Cheyenne Parker made a layup with 5.9 seconds remaining for the game-winning basket after Diamond DeShields drove the baseline and drew a help defender off Parker. The Mystics failed to get a shot on their final possession when Emma Meesseman declined to shoot and turned the ball over trying to force a baseline pass instead.
“Honestly, we beat ourselves,” Powers said. “I don’t think Chicago beat us. We didn’t start off with the energy we usually do . . . and that’s on us.
“I’m not one to make excuses. We just have to bring [the energy] next game. I’m not sure why. I’m not going to sit here and say we’re tired. Everybody’s tired. We’re all in the same predicament. . . . We heard Chicago celebrating. I think that’s kind of what we needed, kind of a slap in the face.”
The teams went back and forth from the opening tip. With just nine available players, Washington (3-1) exerted a ton of energy to push its lead to 60-52 off a Leilani Mitchell layup with 3:35 left in the third quarter. But the Mystics sagged from there, and the score was tied at 62 entering the fourth.
The Mystics shot just 41.9 percent from the field and simply didn’t have the same tempo they displayed in their previous three games.
The defense also seemed to move at three-quarters speed as Chicago (3-1) shot 51.4 percent from the field and 48 percent from behind the three-point arc.
Ariel Atkins scored a game-high 24 points for the Mystics, Powers added 20 points, and Myisha Hines-Allen finished with 13 points and 12 rebounds.
Parker and Gabby Williams led the Sky with 16 points apiece. Allie Quigley chipped in 15 points, and Kahleah Copper added 14.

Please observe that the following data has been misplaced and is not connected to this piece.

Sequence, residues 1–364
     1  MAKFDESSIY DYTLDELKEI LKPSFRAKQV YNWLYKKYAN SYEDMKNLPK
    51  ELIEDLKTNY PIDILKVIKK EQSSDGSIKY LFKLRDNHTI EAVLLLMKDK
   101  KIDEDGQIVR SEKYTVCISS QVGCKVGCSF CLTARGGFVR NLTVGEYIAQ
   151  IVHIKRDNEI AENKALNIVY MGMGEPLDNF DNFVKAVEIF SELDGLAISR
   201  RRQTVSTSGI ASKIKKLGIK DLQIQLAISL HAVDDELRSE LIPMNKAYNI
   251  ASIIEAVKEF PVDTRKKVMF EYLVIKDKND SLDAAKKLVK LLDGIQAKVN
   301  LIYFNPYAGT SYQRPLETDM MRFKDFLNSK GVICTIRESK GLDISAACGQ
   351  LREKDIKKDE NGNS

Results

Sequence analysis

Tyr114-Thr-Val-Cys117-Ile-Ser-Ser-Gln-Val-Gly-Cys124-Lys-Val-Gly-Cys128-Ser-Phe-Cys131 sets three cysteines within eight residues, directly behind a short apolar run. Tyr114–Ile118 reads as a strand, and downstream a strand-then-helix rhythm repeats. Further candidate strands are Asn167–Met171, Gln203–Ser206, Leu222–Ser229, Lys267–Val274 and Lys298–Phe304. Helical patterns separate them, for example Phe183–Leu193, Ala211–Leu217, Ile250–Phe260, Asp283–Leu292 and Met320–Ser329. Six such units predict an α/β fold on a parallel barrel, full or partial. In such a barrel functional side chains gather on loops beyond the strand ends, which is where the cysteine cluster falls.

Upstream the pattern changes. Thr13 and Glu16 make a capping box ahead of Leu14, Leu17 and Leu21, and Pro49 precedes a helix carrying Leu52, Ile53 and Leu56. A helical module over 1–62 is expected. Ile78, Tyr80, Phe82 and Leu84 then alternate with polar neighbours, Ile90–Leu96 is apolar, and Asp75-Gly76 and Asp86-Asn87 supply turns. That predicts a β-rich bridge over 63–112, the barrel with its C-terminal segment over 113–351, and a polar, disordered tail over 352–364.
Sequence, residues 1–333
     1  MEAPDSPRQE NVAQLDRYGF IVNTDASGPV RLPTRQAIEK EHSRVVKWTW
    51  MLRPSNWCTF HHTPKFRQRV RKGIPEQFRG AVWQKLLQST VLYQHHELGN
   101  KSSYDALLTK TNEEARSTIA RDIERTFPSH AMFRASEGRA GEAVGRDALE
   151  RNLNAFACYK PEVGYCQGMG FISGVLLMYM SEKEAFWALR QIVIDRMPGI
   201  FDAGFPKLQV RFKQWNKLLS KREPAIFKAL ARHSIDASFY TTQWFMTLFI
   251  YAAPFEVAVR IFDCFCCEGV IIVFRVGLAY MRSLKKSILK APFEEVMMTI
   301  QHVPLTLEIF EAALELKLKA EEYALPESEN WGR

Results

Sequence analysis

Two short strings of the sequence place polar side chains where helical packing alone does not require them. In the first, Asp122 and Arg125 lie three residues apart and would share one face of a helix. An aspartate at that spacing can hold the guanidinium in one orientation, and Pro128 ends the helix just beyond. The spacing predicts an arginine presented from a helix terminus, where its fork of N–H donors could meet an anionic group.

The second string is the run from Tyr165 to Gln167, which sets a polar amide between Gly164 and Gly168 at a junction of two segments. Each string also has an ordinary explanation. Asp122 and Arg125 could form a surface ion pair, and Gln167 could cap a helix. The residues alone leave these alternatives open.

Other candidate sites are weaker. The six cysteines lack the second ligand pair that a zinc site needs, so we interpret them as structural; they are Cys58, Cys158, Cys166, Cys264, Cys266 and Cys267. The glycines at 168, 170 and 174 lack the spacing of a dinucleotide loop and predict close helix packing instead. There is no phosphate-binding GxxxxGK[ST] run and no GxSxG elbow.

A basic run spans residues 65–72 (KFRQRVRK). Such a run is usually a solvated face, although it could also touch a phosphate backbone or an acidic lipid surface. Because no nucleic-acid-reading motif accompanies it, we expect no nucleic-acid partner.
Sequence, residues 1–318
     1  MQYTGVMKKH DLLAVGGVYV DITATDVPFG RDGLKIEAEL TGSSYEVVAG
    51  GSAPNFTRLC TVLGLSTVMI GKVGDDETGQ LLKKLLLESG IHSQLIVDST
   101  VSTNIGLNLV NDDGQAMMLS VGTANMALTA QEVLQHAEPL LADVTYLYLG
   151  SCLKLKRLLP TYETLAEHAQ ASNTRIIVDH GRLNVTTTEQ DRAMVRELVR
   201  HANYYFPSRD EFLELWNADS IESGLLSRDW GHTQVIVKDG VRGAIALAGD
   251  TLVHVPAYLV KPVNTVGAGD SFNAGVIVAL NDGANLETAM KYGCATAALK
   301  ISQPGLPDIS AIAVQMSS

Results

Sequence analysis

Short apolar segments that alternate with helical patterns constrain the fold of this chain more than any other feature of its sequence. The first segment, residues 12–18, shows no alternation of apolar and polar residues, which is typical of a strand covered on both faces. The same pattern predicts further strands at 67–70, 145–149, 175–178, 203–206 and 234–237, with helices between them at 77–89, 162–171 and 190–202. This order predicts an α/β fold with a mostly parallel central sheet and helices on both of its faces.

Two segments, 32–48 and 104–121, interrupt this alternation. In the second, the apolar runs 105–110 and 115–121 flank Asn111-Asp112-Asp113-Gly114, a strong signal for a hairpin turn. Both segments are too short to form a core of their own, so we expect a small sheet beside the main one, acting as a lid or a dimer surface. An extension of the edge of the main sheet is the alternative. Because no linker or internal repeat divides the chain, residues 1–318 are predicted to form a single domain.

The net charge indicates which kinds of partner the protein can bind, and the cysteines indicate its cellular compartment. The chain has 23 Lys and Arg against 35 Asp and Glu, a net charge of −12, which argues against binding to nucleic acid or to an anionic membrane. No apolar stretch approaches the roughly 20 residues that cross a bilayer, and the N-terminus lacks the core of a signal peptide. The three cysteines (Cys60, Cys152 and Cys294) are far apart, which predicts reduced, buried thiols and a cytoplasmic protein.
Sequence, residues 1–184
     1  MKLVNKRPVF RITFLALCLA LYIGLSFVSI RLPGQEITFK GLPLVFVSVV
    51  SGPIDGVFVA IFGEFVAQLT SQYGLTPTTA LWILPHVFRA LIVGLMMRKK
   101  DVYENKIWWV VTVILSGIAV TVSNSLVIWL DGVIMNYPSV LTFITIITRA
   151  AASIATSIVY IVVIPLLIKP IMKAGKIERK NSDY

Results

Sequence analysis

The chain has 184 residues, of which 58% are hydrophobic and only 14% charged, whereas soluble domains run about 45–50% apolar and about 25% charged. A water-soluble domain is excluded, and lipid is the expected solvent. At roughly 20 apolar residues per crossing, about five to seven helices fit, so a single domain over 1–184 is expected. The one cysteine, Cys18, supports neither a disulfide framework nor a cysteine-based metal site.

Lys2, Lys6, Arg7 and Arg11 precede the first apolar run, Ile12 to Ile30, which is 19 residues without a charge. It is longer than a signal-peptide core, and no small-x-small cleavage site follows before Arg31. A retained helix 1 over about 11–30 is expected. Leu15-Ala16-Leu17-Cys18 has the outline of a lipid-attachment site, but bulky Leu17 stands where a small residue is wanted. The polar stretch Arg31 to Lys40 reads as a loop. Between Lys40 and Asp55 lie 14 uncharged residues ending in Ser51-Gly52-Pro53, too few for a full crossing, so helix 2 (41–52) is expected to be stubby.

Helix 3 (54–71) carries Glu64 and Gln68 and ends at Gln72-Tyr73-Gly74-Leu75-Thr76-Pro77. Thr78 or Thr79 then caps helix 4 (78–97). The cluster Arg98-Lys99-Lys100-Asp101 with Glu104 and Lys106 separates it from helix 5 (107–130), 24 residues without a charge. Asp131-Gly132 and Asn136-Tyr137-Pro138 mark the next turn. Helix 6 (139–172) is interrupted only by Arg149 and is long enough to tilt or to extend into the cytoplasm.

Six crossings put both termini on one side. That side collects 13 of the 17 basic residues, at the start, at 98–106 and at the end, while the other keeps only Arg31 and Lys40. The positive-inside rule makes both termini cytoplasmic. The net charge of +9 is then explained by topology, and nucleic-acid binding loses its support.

The Sky scored 20 points off 14 Washington turnovers.
“You saw the good and the bad of our team tonight,” Mystics Coach/General Manager Mike Thibault said. “Saw us make some great plays. Saw us make some awful plays, awful decisions. Our turnovers were unbelievably costly. . . . I think we’re tired.”
The Mystics rallied from an ugly first quarter to take a 37-35 lead into halftime. Washington, which largely scored at will in its first three games, shot just 35.3 percent from the field in those opening 10 minutes, and a pair of layups by Parker closed an 8-0 run that put Chicago up 20-15 at the end of the quarter.
The Mystics awakened in the second quarter, when the trio of Hines-Allen, Atkins and Powers did the heavy lifting. Washington shot 2 for 9 from three-point range in the first half en route to shooting 8 for 22 (36.4 percent) on the night, but the interior began to open up after a pair of midrange jumpers from Essence Carson. A 7-2 run capped by a three-point play by Meesseman gave the defending champions their two-point halftime advantage.
Meesseman continued to struggle offensively after recently acknowledging that her shot hasn’t been falling this season.
The Mystics expected the 2019 WNBA Finals MVP to be their No. 1 offensive option in 2020 with four projected starters unavailable, but she has been anything but. Her all-around game has been sharp — Meesseman entered Saturday averaging a career-high 5.0 assists — but her 12.0 points per game entering Saturday would be her lowest average over a full season since 2015.
She finished 4 for 10 from the field in a game in which the Mystics could have used more from their most accomplished player. She finally got going late in the fourth quarter and finished with nine points, nine rebounds and six assists, but it wasn’t enough. Her turnover on the final play sealed the outcome.
“Basketball is 40 minutes,” Atkins said plainly. “I don’t think we locked in for 40 minutes.”
Note: Mystics forward Tianna Hawkins missed her third consecutive game with a lumbar sprain in her back.